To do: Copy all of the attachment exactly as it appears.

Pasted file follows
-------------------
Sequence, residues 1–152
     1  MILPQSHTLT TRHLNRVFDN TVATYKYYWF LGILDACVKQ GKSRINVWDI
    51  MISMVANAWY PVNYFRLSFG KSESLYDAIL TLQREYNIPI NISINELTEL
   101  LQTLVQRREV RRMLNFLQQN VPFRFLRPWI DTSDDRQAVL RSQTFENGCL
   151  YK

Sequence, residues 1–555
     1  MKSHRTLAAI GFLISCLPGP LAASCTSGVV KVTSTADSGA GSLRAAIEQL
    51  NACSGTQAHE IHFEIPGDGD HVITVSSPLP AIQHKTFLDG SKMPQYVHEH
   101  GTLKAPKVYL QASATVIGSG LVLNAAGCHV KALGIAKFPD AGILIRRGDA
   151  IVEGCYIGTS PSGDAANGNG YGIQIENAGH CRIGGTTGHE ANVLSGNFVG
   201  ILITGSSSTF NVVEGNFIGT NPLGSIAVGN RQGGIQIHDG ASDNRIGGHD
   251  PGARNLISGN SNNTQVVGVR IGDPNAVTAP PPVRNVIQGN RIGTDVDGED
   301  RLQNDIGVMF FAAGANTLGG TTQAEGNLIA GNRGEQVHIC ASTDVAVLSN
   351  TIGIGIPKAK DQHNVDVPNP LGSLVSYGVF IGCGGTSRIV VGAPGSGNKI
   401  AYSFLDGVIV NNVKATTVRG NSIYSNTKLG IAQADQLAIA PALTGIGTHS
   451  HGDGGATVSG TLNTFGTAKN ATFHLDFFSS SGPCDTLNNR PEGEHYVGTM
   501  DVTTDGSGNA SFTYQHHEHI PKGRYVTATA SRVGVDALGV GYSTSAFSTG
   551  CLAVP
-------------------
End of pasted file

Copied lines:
Sequence, residues 1–152
     1  MILPQSHTLT TRHLNRVFDN TVATYKYYWF LGILDACVKQ GKSRINVWDI
    51  MISMVANAWY PVNYFRLSFG KSESLYDAIL TLQREYNIPI NISINELTEL
   101  LQTLVQRREV RRMLNFLQQN VPFRFLRPWI DTSDDRQAVL RSQTFENGCL
   151  YK

Sequence, residues 1–555
     1  MKSHRTLAAI GFLISCLPGP LAASCTSGVV KVTSTADSGA GSLRAAIEQL
    51  NACSGTQAHE IHFEIPGDGD HVITVSSPLP AIQHKTFLDG SKMPQYVHEH
   101  GTLKAPKVYL QASATVIGSG LVLNAAGCHV KALGIAKFPD AGILIRRGDA
   151  IVEGCYIGTS PSGDAANGNG YGIQIENAGH CRIGGTTGHE ANVLSGNFVG
   201  ILITGSSSTF NVVEGNFIGT NPLGSIAVGN RQGGIQIHDG ASDNRIGGHD
   251  PGARNLISGN SNNTQVVGVR IGDPNAVTAP PPVRNVIQGN RIGTDVDGED
   301  RLQNDIGVMF FAAGANTLGG TTQAEGNLIA GNRGEQVHIC ASTDVAVLSN
   351  TIGIGIPKAK DQHNVDVPNP LGSLVSYGVF IGCGGTSRIV VGAPGSGNKI
   401  AYSFLDGVIV NNVKATTVRG NSIYSNTKLG IAQADQLAIA PALTGIGTHS
   451  HGDGGATVSG TLNTFGTAKN ATFHLDFFSS SGPCDTLNNR PEGEHYVGTM
   501  DVTTDGSGNA SFTYQHHEHI PKGRYVTATA SRVGVDALGV GYSTSAFSTG
   551  CLAVP